In theory there is a fifth way of handling such a problem -- euthanasia, putting the unfortunate person out of his or her misery. At times we, too, felt that death for Mary Lou would be better than life with such a handicap, but we knew also that deficiency is a matter of degree, that many of those mentally deficient can live useful lives within their limitations and within an environment adapted to those limitations. No, euthanasia was no answer, even in theory. The very idea of a "death sentence" now seemed senseless and abominable, not to say illegal.
"Shall we try to keep Mary Lou at home?" we asked ourselves. If we did, we should have to curtail normal family activities, to make the environment as simple as possible, for, as is typical in such cases, Mary Lou became frantic over the bustle of the simplest household tasks. We knew, too, that we would have to devote the major part of our time to her, leaving her little brother to develop as best he could. We felt that he already had been neglected.
Also, having witnessed the ridicule and ill treatment which residents of our home town turned on the "village half-wit" and his family, we understood what keeping her with us would mean to our family.
We decided we must look further, in justice to Mary Lou, her brother, ourselves, and the community.
The second possible step -- placing Mary Lou in the home of a friend or relative -- we ruled out immediately. How could we subject the life of another family to a distortion we wanted to avoid in our own?
And thus we came to the doctors' conclusion -- commitment to an institution. The word was abhorrent to us at first, for it denoted a sort of prison in which unfortunates are placed out of society's sight. But as we inquired into the nature of institutions in our State, we found them offering a quality of care average parents would be hard put to provide. They have nursery schools for children capable of profiting by them and elementary schools for those able to go further. Handicraft projects, print shops, repair shops, gardens, and farm work give older patients an opportunity to be useful and happy.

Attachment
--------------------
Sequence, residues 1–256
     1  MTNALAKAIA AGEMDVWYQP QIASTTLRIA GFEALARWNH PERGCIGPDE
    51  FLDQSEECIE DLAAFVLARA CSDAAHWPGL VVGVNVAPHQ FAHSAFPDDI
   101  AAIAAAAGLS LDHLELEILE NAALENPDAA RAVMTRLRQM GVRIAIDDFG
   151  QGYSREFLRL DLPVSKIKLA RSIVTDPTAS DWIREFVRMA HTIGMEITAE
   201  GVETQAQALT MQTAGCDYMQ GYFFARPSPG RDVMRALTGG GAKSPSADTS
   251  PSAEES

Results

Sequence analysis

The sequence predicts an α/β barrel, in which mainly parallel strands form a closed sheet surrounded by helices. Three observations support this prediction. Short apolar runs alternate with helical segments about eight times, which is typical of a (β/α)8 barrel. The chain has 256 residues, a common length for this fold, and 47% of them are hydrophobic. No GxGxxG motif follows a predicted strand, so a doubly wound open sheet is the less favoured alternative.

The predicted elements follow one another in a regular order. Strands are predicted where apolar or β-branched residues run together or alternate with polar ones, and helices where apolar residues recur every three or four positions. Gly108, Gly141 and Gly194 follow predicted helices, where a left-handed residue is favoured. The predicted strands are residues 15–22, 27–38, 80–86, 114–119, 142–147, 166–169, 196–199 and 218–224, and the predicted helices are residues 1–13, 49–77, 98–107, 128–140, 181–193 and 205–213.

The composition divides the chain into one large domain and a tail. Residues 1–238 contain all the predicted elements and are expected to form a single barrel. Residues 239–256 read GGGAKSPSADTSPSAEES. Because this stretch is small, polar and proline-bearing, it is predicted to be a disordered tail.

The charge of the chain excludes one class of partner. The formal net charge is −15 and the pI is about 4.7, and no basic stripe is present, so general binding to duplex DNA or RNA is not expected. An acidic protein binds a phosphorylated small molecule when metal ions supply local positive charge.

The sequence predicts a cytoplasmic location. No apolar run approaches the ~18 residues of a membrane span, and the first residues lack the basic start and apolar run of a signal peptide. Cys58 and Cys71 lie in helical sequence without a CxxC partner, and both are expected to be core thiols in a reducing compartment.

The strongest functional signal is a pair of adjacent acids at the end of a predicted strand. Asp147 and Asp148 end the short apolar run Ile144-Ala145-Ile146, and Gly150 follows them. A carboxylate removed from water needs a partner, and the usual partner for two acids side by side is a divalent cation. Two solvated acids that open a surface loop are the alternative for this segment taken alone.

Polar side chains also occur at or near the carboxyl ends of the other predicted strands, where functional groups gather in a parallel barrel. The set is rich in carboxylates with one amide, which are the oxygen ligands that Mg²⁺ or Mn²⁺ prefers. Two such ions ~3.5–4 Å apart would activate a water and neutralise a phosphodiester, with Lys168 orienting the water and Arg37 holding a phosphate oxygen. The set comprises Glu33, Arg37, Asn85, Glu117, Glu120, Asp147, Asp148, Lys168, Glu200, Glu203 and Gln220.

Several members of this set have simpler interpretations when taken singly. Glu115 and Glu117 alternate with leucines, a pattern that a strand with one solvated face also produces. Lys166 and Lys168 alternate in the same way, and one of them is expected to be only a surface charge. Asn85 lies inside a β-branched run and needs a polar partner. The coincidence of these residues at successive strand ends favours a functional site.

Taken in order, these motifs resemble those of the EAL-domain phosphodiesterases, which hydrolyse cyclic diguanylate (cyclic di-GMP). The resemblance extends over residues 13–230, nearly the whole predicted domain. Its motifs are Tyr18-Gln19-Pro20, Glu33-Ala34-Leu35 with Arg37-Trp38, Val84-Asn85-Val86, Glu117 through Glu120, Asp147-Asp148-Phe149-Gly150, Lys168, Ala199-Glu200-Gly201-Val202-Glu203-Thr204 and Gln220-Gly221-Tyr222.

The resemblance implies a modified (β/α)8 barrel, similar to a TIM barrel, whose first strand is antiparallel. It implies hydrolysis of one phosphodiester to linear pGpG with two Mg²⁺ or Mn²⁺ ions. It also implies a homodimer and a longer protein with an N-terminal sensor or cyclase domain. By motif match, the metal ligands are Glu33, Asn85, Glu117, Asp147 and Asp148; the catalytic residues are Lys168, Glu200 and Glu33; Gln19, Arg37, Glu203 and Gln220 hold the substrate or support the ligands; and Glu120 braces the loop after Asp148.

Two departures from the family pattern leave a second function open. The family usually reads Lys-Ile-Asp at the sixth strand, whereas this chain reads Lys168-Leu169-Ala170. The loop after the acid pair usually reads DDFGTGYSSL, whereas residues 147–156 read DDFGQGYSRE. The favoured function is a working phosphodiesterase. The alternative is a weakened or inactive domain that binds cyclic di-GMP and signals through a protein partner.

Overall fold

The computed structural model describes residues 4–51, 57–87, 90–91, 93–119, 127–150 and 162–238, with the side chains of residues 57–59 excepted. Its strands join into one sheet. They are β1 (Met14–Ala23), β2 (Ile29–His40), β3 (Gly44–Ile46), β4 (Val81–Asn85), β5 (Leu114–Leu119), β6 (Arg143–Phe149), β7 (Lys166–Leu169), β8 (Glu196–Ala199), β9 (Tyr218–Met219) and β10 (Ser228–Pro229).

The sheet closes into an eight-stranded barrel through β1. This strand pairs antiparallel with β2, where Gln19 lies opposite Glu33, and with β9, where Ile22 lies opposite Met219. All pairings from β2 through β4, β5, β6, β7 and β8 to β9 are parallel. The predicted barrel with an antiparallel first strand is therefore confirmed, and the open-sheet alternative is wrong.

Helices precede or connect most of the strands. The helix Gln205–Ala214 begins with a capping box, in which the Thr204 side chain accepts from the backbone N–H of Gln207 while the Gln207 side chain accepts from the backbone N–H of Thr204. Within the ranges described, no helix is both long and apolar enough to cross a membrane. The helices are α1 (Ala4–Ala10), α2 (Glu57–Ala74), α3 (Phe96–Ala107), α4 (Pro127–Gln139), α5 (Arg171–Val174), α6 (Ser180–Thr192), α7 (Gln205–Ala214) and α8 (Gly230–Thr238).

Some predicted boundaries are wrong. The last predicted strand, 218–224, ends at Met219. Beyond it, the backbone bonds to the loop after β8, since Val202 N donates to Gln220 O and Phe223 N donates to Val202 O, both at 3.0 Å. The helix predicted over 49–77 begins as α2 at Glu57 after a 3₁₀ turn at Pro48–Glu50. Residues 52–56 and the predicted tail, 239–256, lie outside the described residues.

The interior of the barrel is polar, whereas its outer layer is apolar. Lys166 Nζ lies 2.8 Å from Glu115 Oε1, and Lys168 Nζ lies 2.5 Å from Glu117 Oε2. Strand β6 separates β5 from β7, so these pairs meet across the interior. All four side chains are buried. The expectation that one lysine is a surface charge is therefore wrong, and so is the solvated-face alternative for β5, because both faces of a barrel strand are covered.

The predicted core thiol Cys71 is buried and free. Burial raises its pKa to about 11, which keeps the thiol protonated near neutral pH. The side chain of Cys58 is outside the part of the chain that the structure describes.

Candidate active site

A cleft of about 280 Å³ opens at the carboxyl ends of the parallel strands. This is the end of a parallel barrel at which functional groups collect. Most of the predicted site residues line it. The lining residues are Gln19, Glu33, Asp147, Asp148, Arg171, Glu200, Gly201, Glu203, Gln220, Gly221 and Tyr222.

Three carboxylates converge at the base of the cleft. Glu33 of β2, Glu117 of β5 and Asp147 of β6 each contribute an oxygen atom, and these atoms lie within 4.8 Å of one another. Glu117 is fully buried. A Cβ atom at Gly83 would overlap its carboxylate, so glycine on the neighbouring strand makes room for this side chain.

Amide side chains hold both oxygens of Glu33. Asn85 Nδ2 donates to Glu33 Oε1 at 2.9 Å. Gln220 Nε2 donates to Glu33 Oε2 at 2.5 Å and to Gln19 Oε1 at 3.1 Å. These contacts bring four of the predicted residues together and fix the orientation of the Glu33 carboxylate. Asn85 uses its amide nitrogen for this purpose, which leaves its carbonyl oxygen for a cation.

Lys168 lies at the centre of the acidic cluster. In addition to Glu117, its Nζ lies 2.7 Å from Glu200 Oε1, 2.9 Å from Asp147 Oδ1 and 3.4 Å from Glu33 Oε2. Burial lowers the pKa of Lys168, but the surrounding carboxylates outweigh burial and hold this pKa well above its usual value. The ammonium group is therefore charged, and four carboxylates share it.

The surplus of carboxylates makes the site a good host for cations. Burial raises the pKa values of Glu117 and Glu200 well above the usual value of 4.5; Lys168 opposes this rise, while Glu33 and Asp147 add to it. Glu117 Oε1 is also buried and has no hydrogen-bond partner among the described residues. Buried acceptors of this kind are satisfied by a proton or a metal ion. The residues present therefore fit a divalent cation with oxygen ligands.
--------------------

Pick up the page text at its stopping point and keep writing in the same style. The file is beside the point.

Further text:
Putting Mary Lou in the care of a private hospital appealed to us more than sending her to one operated by the State, but investigation revealed that the cost would be high, not completely beyond reach, but certainly high enough so that we would be unable to finance the kind of education we would like to give our boy. He, after all, was the child who had the potentialities.
So it was that we decided in favor of a State hospital. Taking Mary Lou to it was a heartbreaking experience, but we were fortified with the conviction that in this move lay the sole hope for happiness for all four of us. And we were greatly heartened by the appearance of the place. It resembled a college campus, with pretty brick buildings set amid sweeping grounds. There were no walls, no guards. Patients strolled, played, or rested outside their homelike cottages. In this community, we saw also, there were no thoughtless neighbors gossiping about the unfortunates and jeering at them and their families.
The reception was kind, almost completely devoid of red tape. The newcomer was regarded as a patient rather than a prisoner, -- and the doctors, nurses -- in fact, the entire personnel -- proved specially trained to bring out whatever abilities he or she might have. The parents were treated as persons who would continue to be interested, who would contribute toward clothing and medical costs, and who would be informed regularly on the condition and progress of the patient.
More than a year has passed since that day. We have kept in close touch with the hospital by mail and telephone and have made the 100-mile trip to visit our daughter at least once a month. The simple routine of good food, sunshine, and fresh air have done wonders for Mary Lou's physical health. She is calmer and again is feeding herself. We still do not know what potentialities Mary Lou possesses, but we feel confident that whatever they are, the skilled, hard-working staff will labor earnestly to develop them.
And so tragedy came into a family that barely knew the word. We think, we pray, we have faced it wisely.